Wildcard hosts - DNS

This is a discussion on Wildcard hosts - DNS ; I was wondering if someone would mind highlighting any 'issues' with using wildcard hosts. ie: *.mydomain.com...

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Thread: Wildcard hosts

  1. Wildcard hosts

    I was wondering if someone would mind highlighting any 'issues' with
    using wildcard hosts.

    ie: *.mydomain.com



  2. Re: Wildcard hosts

    In article , "AF"
    wrote:

    > I was wondering if someone would mind highlighting any 'issues' with
    > using wildcard hosts.
    >
    > ie: *.mydomain.com


    The most common problem is that it prevents getting proper name lookup
    errors from applications that automatically append the local domain
    name. E.g. if you try to look up gooogle.com (let's pretend this
    doesn't exist), and when the application gets an error from DNS it
    retries this as gooogle.com.mydomain.com, this will return a result
    because of the wildcard. So the user never gets told that he misspelled
    google.com.

    Things are even worse for applications and libraries that append the
    default domain BEFORE trying the name as given. Then even if you type
    google.com correctly, it will look up google.com.mydomain.com, and
    return the address from the wildcard rather than the correct address of
    google.com. And unfortunately, there are still quite a few applications
    that work like this (Windows NSLOOKUP seems to be one of them).

    --
    Barry Margolin, barmar@alum.mit.edu
    Arlington, MA
    *** PLEASE post questions in newsgroups, not directly to me ***
    *** PLEASE don't copy me on replies, I'll read them in the group ***



  3. Re: Wildcard hosts


    On Aug 25, 2006, at 6:48 PM, Barry Margolin wrote:

    > In article , "AF"
    > wrote:
    >
    >> I was wondering if someone would mind highlighting any 'issues' with
    >> using wildcard hosts.
    >>
    >> ie: *.mydomain.com

    >
    > The most common problem is that it prevents getting proper name lookup
    > errors from applications that automatically append the local domain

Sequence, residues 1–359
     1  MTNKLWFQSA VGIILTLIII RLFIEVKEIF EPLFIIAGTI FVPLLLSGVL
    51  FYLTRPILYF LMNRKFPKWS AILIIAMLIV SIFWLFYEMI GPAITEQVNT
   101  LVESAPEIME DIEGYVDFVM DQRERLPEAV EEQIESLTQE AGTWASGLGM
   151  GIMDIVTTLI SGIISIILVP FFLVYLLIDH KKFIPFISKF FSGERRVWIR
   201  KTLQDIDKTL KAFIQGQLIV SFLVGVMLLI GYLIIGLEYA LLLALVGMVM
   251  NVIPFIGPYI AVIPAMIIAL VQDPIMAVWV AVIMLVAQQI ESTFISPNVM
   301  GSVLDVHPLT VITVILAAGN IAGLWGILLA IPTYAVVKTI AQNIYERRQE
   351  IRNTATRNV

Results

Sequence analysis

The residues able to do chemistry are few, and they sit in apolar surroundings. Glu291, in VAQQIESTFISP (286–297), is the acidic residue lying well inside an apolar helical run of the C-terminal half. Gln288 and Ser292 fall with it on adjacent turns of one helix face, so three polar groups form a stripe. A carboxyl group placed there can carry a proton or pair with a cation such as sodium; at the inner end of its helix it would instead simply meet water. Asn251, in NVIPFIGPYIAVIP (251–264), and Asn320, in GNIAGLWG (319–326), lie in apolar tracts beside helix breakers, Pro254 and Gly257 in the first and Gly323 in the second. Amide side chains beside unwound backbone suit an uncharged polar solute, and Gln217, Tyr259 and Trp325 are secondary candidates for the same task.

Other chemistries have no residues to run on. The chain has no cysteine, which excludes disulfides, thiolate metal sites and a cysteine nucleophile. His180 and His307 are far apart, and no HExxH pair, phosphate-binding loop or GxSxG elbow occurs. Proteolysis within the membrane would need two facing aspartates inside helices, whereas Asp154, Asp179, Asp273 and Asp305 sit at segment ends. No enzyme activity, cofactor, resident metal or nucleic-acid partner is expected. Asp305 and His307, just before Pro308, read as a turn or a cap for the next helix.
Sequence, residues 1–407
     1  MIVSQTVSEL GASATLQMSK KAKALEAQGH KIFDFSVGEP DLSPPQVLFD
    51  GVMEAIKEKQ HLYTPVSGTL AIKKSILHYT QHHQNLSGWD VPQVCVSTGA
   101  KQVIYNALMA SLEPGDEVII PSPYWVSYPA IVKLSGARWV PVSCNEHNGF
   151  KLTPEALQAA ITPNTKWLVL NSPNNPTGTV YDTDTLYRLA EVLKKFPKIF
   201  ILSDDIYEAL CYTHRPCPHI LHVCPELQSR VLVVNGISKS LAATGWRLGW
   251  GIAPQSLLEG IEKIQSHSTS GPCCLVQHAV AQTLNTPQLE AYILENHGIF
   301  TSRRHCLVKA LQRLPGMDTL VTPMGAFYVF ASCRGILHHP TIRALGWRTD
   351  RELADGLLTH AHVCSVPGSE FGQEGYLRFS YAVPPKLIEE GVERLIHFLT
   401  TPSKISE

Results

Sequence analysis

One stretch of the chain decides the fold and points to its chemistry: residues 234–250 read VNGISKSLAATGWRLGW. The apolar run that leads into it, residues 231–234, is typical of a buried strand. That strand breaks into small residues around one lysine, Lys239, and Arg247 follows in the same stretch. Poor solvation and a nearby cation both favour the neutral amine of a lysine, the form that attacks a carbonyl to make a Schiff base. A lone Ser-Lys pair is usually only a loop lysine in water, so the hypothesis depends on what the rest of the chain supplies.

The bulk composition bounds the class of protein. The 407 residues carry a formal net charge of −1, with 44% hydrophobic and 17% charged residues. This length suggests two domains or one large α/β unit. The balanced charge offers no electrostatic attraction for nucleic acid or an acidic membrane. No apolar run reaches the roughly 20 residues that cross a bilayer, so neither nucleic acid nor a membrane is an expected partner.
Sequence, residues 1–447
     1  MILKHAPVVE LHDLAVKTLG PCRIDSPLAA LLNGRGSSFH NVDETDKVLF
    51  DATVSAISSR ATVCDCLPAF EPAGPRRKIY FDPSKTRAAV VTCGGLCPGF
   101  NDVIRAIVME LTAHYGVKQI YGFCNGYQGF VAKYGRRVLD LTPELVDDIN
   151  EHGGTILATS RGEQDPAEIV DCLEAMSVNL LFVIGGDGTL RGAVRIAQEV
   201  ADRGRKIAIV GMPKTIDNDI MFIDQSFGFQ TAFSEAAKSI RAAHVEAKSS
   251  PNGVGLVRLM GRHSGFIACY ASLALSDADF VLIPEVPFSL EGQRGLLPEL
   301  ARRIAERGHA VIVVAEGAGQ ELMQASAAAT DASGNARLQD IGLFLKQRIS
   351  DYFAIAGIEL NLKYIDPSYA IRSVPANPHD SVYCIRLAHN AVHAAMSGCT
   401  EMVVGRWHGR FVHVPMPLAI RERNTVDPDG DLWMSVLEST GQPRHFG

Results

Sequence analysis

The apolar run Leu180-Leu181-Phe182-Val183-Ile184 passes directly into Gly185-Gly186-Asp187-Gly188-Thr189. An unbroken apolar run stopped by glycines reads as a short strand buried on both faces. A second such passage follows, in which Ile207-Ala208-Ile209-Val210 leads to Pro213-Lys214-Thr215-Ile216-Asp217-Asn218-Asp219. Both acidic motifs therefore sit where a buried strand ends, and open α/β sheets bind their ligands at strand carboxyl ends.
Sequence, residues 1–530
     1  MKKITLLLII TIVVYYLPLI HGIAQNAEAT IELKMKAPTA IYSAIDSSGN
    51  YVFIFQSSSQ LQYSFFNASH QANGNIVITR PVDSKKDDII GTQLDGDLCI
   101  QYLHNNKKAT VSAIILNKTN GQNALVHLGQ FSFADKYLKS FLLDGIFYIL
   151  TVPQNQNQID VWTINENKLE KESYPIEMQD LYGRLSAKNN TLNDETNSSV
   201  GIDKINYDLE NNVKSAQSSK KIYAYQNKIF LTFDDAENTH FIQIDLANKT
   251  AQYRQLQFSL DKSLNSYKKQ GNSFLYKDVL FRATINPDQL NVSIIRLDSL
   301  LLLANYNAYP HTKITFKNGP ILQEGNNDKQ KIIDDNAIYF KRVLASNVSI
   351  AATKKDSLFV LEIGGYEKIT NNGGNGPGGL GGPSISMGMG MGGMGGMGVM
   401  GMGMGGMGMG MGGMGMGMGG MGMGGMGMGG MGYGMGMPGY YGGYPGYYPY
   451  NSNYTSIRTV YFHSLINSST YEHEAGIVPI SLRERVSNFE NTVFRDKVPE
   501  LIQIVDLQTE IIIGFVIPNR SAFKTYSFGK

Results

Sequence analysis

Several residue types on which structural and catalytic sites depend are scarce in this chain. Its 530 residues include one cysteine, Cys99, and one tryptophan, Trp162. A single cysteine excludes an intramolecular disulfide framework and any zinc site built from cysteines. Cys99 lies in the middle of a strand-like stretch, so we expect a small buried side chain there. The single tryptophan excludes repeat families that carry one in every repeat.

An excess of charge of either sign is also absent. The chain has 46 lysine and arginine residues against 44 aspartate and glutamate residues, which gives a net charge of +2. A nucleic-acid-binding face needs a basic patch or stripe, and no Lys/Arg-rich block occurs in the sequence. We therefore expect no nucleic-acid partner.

> name. E.g. if you try to look up gooogle.com (let's pretend this
    > doesn't exist), and when the application gets an error from DNS it
    > retries this as gooogle.com.mydomain.com, this will return a result
    > because of the wildcard. So the user never gets told that he
    > misspelled
    > google.com.
    >
    > Things are even worse for applications and libraries that append the
    > default domain BEFORE trying the name as given. Then even if you type
    > google.com correctly, it will look up google.com.mydomain.com, and
    > return the address from the wildcard rather than the correct
    > address of
    > google.com. And unfortunately, there are still quite a few
    > applications
    > that work like this (Windows NSLOOKUP seems to be one of them).


    It also causes problems for a well-known browser behavior of
    prepending "www." and appending ".com" to any single-label domain
    entered as a hostname, but only if the name doesn't look up by itself
    first. (IE doesn't do this, but most other browsers do, starting with
    Netscape 1.something).

    Given the hostname input "foo" and the searchlist "example.com", the
    order of queries is (with most current stub resolvers):

    "foo.example.com"
    "foo"
    "www.foo.com"

    Well, foo.example.com will return a positive ansewer if *.example.com
    exists and owns an A record.

    BTW: Windows nslookup bypasses the stub resolver, instead imitating
    the behavior of really old stub resolvers (using the search list
    first). That's why it's different (and bad). I don't know of any
    other examples - not saying you're wrong, Barry, I'm just not
    familiar with the examples.

    Chris Buxton
    Men & Mice



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